It turns out landing even a small role in a big movie can keep the money coming in for years afterwards, as one of the actors from Titanic has revealed.
Reece Thompson was just five years old when he was given the choice between appearing in an advert for a petrol station or taking a small role in a big budget movie.
While doing the petrol ad would have been the safer bet as far as money is concerned, he explained to Business Insider that his mum thought it'd be 'cool' for him to be in a big film.
She reckoned even if the movie turned out to be a bit rubbish, at least they could still watch it.
When he was cast, it turned out his part would have a few lines but his character was so minor he was just called 'little Irish boy', and the movie he was going to be in was something about a boat called Titanic.
Obviously, we all know how successful that film turned out to be, with Titanic going on to be one of the most successful movies ever made, and it's still putting money in Reece's pocket to this day.
With three scenes and just one line, he didn't make that much money from playing his small role in the film as an adorable young child we see trying to get onto a lifeboat before huddling in his cabin with his mother and sister waiting for the ship to sink.
However, every year he still gets a bit of money coming in from residual cheques based off the movies earnings, though the Titanic gravy train isn't exactly bringing in the big bucks.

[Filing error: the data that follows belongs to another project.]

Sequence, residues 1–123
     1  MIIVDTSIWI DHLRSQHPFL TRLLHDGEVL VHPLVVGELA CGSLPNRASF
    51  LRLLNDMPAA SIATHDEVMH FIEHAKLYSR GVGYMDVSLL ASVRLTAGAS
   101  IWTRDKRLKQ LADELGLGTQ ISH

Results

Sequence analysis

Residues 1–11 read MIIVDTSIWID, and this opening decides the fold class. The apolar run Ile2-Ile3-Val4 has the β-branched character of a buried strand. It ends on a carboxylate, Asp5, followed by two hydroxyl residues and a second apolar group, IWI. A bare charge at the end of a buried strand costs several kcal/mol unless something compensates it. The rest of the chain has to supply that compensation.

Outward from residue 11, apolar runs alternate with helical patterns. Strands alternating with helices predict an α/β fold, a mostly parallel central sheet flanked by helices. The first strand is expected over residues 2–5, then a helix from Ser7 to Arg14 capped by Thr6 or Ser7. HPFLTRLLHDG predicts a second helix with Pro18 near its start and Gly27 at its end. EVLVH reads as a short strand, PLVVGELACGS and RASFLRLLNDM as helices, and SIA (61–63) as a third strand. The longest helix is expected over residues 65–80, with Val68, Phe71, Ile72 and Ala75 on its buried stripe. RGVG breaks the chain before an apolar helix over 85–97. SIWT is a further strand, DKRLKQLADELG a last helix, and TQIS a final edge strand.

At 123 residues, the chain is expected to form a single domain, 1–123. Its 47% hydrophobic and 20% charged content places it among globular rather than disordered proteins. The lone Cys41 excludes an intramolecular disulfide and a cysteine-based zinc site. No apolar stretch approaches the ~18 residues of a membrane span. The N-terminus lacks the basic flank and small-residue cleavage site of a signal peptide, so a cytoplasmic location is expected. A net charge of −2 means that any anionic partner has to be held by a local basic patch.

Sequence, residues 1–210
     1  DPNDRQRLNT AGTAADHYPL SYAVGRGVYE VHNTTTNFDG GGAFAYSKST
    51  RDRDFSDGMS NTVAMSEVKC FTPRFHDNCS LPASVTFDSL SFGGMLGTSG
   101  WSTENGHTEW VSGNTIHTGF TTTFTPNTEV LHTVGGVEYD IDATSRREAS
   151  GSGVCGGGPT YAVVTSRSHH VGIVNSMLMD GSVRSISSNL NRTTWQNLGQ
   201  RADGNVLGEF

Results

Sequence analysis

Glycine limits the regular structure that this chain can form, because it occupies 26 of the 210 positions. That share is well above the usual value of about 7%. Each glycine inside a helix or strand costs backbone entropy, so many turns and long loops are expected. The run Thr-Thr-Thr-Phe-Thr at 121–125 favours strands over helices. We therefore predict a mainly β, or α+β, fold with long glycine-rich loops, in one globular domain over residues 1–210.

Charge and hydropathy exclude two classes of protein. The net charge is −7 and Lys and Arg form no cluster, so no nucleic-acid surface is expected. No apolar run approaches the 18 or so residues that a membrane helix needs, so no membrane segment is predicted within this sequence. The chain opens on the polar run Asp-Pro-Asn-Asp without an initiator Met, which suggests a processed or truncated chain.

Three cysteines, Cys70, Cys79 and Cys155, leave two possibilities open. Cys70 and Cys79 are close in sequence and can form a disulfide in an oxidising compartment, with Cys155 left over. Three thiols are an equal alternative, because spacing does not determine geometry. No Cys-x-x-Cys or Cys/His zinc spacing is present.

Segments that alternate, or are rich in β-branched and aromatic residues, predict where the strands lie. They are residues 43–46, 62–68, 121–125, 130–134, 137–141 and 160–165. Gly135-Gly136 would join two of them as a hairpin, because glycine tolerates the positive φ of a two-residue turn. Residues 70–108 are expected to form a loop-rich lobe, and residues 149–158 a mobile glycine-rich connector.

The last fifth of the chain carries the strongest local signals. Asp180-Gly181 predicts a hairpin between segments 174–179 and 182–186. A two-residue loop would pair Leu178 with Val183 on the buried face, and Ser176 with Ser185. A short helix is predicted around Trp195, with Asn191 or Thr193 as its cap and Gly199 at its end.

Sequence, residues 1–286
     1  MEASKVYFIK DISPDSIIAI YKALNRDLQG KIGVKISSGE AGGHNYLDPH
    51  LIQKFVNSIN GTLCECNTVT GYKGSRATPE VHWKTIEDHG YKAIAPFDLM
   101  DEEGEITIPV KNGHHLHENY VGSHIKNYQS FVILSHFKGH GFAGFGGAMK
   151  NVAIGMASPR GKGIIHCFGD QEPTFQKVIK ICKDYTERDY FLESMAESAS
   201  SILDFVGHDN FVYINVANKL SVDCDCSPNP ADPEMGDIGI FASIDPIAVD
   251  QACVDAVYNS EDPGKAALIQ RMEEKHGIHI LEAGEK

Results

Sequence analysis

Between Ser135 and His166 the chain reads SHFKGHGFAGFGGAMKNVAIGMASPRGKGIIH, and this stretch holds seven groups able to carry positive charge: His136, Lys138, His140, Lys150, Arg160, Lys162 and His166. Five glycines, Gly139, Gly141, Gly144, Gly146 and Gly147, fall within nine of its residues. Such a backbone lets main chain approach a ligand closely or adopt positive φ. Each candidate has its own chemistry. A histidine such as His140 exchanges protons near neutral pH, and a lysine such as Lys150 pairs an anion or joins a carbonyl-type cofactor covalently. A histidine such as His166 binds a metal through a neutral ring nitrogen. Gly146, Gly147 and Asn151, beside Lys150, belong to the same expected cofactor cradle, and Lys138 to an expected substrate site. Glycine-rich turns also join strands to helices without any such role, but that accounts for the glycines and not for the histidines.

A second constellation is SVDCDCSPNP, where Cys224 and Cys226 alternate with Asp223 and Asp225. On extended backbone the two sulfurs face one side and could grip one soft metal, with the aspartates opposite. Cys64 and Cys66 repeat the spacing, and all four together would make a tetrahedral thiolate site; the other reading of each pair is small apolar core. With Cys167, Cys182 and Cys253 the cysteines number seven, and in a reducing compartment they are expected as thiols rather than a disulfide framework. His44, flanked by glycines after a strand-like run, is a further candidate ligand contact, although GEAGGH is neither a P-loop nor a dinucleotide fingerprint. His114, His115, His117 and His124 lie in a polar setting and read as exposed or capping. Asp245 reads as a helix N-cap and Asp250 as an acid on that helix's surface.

He said: "It's weird because it's not present in my mind anymore.
"It's not like, 'Oh, when am I going to get a new Titanic check?' When it happens, it's like, 'Oh, cool, an extra $100.'"
"There have been a couple of times where it's been like: 'Oh, wow, that's a $250 check. This movie's 12 years old. That's pretty bizarre.' But hopefully, they keep playing it a lot, because that means more money for me."
Over the years he's earned about $30,000 (£24,000) from being on Titanic, though it's not exactly a huge amount to live on and definitely not enough to sustain a lifestyle by itself.
Initially in the 'low thousands' in the aftermath of Titanic's release, these days the residual cheques usually bring Reece in a couple of hundred bucks a year.
2023 might be a more plentiful time for the 30-year-old as Titanic is being re-released in cinemas next month, though he didn't see much of a bump when the film was re-released in 2012.
He explained that in the years immediately after the movie's release, the residual cheques were larger as there was more buzz around Titanic, and the money he receives goes up whenever it spikes in popularity, like when it was released on VHS and DVD.
Since sitting around collecting residual cash from an old movie doesn't really pay the bills, Reece spends his time working as a marketing director for a skiing and snowboarding resort in Utah.
He doesn't really remember too much of his time on the set of Titanic, though he did recall struggling with his character's Irish accent.
Reece gets residuals from the movie as he has an actual credited role in the film, even if his character has no name.
Extras don't receive residuals for their parts in a movie, but some actors can rake in a fortune for their roles in films which are so popular they just keep getting shown.
I wonder what Reece thinks about that age-old debate about whether Jack could have fit on the door with Rose, or if like director James Cameron, he doesn't really care because it's not about whether he could have fit, it's about the drama.